Dr. Kenji Yoshikawa (aka: Tunnel Man) from the University of Alaska Fairbanks, where I was once an intern 15 years ago. Together, Norbert and Kenji deployed dataloggers to measure long-term air and regolith temperatures in several craters near the Mauna Kea summit. Their readings corroborated Woodcock's measurements of lapse rate (the way temperature decreases with depth), indicating that permafrost shouldn't exist on Mauna Kea below about 5,000 meters elevation at all. The fact that Woodcock discovered it at 4,200 meters points to the significance of a microclimate effect to enable permafrost to exist even in places where it normally wouldn't. Maybe such microclimate effects could also allow for stable water ice to exist in shadowed craters on Mars permafrost on Mars as well.
In January 2013, I entered the picture as a Ph.D. student looking for a project that combined planetary science with geophysical observations and field work. This opportunity fit my interests and background perfectly since it combines studying important environmental and astrobiological conditions on both Earth and Mars. I started working with Norbert to enhance the processing of his infrared imaging data and am happy to have now had the chance to apply my expertise in exploration geophysics to the project with our recent resistivity survey.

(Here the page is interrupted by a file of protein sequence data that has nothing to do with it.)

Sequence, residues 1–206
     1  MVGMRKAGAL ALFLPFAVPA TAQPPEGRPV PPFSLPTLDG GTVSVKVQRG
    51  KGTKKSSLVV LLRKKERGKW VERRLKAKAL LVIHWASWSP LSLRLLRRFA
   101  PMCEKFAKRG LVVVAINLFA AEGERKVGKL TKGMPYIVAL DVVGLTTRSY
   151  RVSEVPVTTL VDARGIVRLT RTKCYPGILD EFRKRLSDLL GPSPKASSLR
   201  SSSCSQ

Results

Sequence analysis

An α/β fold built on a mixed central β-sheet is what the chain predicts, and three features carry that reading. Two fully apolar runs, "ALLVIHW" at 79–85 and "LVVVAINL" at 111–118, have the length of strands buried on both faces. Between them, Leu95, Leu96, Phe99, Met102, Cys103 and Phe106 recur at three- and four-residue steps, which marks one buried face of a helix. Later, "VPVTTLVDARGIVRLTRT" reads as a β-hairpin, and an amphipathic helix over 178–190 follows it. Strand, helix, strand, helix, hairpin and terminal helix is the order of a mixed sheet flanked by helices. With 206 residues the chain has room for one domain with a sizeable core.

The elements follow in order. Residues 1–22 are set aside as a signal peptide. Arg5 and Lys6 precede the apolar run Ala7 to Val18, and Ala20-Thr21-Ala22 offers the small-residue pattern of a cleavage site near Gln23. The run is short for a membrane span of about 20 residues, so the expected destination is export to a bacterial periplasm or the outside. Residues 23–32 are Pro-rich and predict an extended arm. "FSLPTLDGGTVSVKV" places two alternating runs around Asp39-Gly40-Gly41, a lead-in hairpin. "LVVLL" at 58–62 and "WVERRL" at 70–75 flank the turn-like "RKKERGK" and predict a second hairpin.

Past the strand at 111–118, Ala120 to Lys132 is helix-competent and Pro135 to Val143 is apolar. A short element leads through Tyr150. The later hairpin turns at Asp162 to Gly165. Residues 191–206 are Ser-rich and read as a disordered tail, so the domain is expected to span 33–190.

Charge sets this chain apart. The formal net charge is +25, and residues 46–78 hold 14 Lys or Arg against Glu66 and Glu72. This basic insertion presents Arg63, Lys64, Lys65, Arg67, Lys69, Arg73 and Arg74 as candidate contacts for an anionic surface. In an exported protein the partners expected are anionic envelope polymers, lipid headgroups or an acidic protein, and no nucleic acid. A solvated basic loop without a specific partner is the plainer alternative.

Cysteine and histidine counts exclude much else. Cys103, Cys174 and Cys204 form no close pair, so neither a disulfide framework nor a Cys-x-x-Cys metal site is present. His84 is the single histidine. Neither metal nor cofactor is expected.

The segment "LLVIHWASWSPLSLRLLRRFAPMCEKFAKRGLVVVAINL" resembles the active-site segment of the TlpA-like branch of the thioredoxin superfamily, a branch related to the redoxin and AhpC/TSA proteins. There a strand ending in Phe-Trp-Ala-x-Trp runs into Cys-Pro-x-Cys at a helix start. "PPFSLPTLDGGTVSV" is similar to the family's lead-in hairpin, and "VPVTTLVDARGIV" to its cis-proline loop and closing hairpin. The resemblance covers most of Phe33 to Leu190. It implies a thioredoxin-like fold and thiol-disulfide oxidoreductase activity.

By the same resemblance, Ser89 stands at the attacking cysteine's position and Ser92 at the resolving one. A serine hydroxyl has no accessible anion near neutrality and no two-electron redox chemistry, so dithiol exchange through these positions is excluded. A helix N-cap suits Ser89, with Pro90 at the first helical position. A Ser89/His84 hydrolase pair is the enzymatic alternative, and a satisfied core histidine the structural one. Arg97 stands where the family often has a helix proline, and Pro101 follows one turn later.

For the uninitiated, resistivity is a property of earth materials that characterizes how resistant it is to electrical current flow. It can easily be derived from Ohm's Law, and for a full description of the theory and application of resistivity, I refer you here. Previously, I have been involved with resistivity surveys as a student and teaching assistant in an Exploration and Environmental Geophysics course, so I was very excited to apply that past experience to the problem of characterizing permafrost in Mauna Kea's Pu'u Wekiu crater during a three days of field work last week.